1 July 1997 Remote semiquantitative two-dimensional flow transport imaging using microendoscopic probes
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Abstract
A flexible microscope is configured, evaluated, and employed in the noninvasive investigation of fluid transport in a tissuelike model or porous, fibrous matrix. A simple optical configuration that employs microendoscopic probes, an objective lens, and a commercial CCD for detection, produces resolution performance in the range of 25 to 40 line pairs/mm (lp/mm). Remote, time-sequenced imaging is shown to be possible using this moderate resolution flexible microscope. The microendoscopes employed are 1 to 3 m in length and range in outer diameter from 1.5 to 2.5 mm; some contain a working lumen for the introduction of a tool or a fluid at the site of investigation. Target lighting is accomplished by an integral fiber bundle built into the endoscope and supplied from an external xenon discharge lamp. This instrumentation is combined with specialized image processing for quantitative, time-sequenced imaging of marker dye transport on a tissuelike model substrate. Quantitative absorbance imaging is accomplished by calibrating response for marker dye standards on the test substrate and correlating camera pixel grayscale values to solute concentration. The quantitative mapping (concentration versus time and position) of fluid transport is used to evaluate convective versus diffusive flow.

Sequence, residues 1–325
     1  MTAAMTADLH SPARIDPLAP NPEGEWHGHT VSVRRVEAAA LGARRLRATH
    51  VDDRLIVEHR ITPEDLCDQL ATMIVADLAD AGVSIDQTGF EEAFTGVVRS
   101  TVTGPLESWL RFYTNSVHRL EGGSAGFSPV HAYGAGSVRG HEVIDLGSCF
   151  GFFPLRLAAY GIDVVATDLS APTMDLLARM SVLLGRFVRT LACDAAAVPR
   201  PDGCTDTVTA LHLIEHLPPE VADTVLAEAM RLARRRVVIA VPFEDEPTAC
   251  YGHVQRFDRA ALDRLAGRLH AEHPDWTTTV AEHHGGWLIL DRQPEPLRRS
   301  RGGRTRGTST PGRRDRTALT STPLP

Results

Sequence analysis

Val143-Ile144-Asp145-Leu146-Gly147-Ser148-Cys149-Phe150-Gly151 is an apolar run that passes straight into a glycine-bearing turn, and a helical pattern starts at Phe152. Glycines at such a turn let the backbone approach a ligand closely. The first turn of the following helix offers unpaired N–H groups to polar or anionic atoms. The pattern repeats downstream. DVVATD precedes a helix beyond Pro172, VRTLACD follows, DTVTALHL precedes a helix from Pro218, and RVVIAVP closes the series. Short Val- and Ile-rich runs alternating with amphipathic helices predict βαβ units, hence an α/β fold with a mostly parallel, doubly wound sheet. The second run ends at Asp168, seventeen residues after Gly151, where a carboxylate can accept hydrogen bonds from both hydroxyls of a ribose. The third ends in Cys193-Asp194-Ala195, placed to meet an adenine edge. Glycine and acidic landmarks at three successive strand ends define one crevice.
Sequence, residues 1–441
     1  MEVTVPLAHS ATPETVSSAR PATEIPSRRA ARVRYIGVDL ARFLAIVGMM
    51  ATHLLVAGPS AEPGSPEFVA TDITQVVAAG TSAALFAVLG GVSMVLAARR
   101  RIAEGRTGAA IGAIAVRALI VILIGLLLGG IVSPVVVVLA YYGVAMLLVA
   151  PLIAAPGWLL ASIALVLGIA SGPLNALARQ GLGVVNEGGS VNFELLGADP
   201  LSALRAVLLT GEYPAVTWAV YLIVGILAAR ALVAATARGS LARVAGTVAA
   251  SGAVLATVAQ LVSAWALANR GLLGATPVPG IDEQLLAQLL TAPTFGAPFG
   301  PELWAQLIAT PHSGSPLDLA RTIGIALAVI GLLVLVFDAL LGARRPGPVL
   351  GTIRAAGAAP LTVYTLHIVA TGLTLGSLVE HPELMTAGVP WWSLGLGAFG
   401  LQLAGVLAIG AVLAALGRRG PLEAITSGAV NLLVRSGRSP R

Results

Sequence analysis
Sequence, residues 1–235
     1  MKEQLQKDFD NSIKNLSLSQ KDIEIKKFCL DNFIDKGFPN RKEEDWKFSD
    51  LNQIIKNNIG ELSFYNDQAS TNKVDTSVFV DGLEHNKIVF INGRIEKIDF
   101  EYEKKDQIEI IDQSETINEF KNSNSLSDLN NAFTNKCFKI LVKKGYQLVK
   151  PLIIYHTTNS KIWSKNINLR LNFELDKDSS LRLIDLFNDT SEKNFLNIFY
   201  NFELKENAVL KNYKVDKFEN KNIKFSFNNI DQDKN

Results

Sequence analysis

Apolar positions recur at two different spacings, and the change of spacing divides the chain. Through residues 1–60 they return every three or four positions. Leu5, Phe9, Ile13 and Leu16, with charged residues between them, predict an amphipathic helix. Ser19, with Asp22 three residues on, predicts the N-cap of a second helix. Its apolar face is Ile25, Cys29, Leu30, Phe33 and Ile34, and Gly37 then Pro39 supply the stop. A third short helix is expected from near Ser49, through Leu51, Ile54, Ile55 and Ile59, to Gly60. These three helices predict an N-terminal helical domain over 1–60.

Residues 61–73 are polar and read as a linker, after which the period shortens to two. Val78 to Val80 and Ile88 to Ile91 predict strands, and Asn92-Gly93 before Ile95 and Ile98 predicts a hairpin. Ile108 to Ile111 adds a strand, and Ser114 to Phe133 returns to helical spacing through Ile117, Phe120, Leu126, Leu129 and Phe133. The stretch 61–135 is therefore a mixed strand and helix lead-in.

Michael P. Houlne, Michael P. Houlne, Darryl J. Bornhop, Darryl J. Bornhop, } "Remote semiquantitative two-dimensional flow transport imaging using microendoscopic probes," Optical Engineering 36(7), (1 July 1997). https://doi.org/10.1117/1.601405 . Submission:
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